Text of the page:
Broaden your mind, Malcolm, broaden your mind! It takes all sorts to make a world; or a church. This may be even truer of a church. If grace perfects nature it must expand all our natures into the full richness of the diversity which God intended when He made them, and Heaven will display far more variety than Hell. “One fold” doesn’t mean “one pool.” Cultivated roses and daffodils are no more alike than wild roses and daffodils.

In a consumer society and culture, our identity is tied up in our tastes, and our tastes are broadcast through our criticism. The superiority of the role of worship critic is more attractive to us than the supplicative posture of a worshiper.

What pleased me most about a Greek Orthodox mass I once attended was that there seemed to be no prescribed behavior for the congregation. Some stood, some knelt, some sat, some walked; one crawled about the floor like a caterpillar. And the beauty of it was that nobody took the slightest notice of what anyone else was doing. I wish we Anglicans would follow their example. One meets people who are perturbed because someone in the next pew does, or does not, cross himself. They oughtn’t even to have seen, let alone censured. “Who art thou that judgest Another’s servant?”

We must cultivate in worship a certain kind of inattentiveness toward other worshipers and even toward the leaders—maintaining our attention on God as the focus of all our joined efforts.

*Excerpts from Letters to Malcolm: Chiefly on Prayer, C.S. Lewis.

The Prayer Appointed for the Week
Grant me, O Lord, to trust in you with all my heart; for, as you always resist the proud who confide in their own strength, so you never forsake those who make their boast of your mercy; through Jesus Christ our Lord, who lives and reigns with you and the Holy Spirit, one God, now and for ever. Amen.

– From 
The Divine Hours: Prayers for Summertime by Phyllis Tickle.

Full prayer available online and in print.

Today’s Readings
2 Samuel 10 (Listen – 3:19)
2 Corinthians 3 (Listen – 2:25)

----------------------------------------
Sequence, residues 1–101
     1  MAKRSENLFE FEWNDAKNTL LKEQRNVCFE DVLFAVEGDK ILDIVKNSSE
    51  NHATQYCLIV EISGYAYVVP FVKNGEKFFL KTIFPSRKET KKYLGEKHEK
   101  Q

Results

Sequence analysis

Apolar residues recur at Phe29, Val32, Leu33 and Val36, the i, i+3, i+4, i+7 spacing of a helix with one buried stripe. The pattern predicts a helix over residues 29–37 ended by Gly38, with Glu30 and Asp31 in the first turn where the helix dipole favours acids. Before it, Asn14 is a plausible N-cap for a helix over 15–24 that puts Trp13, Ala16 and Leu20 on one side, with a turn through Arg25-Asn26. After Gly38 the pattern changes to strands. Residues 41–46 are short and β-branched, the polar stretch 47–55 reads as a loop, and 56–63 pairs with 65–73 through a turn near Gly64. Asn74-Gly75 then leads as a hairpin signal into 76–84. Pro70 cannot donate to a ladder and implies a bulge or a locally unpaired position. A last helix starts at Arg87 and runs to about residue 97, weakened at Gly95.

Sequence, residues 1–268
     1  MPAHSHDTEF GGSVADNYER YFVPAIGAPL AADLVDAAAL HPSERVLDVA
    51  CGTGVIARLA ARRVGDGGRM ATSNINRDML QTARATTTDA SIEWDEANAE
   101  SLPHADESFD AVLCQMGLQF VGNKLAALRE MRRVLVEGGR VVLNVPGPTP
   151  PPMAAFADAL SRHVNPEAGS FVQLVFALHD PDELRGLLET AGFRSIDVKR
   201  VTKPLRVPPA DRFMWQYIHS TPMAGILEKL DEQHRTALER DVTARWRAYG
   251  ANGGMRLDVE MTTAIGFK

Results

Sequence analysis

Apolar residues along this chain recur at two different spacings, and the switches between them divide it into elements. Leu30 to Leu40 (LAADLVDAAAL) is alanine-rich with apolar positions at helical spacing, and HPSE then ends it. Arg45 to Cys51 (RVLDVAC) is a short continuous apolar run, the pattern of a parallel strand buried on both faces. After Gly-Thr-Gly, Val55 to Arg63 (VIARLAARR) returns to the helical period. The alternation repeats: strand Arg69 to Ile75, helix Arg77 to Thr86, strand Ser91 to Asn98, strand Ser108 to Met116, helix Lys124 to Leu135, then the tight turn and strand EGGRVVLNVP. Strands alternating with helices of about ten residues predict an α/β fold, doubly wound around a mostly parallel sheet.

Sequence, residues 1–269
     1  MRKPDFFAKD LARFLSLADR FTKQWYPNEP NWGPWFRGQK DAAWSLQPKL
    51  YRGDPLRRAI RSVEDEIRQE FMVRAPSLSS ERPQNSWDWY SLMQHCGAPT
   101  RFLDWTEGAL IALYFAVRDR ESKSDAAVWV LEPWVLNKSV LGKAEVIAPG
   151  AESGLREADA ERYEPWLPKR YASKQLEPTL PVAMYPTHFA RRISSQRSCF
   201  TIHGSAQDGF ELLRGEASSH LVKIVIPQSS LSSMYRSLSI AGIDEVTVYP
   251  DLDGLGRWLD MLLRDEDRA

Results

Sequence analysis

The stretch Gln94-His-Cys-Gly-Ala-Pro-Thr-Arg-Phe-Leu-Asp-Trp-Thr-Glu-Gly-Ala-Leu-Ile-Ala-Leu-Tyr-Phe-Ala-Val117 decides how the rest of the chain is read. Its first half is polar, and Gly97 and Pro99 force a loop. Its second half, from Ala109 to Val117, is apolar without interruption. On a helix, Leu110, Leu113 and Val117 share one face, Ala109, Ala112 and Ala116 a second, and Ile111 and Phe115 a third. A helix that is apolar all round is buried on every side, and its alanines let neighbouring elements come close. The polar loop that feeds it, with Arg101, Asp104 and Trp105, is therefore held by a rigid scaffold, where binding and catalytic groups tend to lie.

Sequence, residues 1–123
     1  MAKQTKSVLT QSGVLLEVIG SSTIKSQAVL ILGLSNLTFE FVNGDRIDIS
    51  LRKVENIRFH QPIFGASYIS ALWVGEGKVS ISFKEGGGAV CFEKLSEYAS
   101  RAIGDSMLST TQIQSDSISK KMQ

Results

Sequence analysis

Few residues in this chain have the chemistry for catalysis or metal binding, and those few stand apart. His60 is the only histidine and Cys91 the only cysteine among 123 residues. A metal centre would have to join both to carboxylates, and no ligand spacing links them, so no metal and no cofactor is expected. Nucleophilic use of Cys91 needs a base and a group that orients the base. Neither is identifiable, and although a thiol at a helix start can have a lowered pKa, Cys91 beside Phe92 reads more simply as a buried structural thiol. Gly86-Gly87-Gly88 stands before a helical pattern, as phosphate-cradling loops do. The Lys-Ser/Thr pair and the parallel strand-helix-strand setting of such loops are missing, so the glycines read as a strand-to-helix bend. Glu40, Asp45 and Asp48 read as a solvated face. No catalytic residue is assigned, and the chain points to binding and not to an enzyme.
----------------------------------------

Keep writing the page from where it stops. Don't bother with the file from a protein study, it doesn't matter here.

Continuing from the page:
Prayer from India :: Worldwide Prayers

Scripture: 2 Corinthians 2:14
But thanks be to God, who always leads us as captives in Christ’s triumphal procession and uses us to spread the aroma of the knowledge of him everywhere.

In our Worldwide Prayer posts we will be featuring prayers from Christians around the world. As we pray these prayers together, let us remember the words of C.S. Lewis discussing “ready-made” prayers. — John

It does not matter very much who first put them together. If they are our own words they will soon, by unavoidable repetition, harden into a formula. If they are someone else’s, we shall continually pour into them our own meaning. — C.S. Lewis

Prayer from India :: Worldwide Prayers

Our loving Father,

Thank you for releasing us from the bondage of sin by the shedding of the blood of your Son, Jesus, on that rugged Cross of Calvary.

Thank you for choosing us; for allowing us to serve you; for the privilege of bearing a cross and following you.

Daily we face shame, pain, blame, loneliness, and even exhaustion. But we believe that always you are present sharing our load and helping us bear our cross. Even when life seems to be at its worst we never despair because we live for you and your Son died for us.

Your Word tells us that we may need to suffer trials of many kinds and we should be glad for this will prove our faith is genuine. Lord we are here for you. We will lay down our lives if this will glorify your Name.

Lord use your people to spread the joy of your Kingdom.

In Jesus’ precious name.

*Prayer from Hallowed be Your Name: A collection of prayers from around the world, Dr. Tony Cupit, Editor.

The Prayer Appointed for the Week
Grant me, O Lord, to trust in you with all my heart; for, as you always resist the proud who confide in their own strength, so you never forsake those who make their boast of your mercy; through Jesus Christ our Lord, who lives and reigns with you and the Holy Spirit, one God, now and for ever. Amen.

– From 
The Divine Hours: Prayers for Summertime by Phyllis Tickle.

Full prayer available online and in print.

Today’s Readings
2 Samuel 8-9 (Listen – 4:51)
2 Corinthians 2 (Listen – 2:13)

Lewis on Prayer Without Words

Scripture: 2 Corinthians 2:10-11
On him we have set our hope that he will continue to deliver us, as you help us by your prayers.

Reflection: Lewis on Prayer Without Words
By C.S. Lewis

For many years after my conversion I never used any ready-made forms except the Lord’s Prayer. In fact I tried to pray without words at all—not to verbalise the mental acts. Even in praying for others I believe I tended to avoid their names and substituted mental images of them. I still think the prayer without words is the best—if one can really achieve it. But I now see that in trying to make it my daily bread I was counting on a greater mental and spiritual strength than I really have.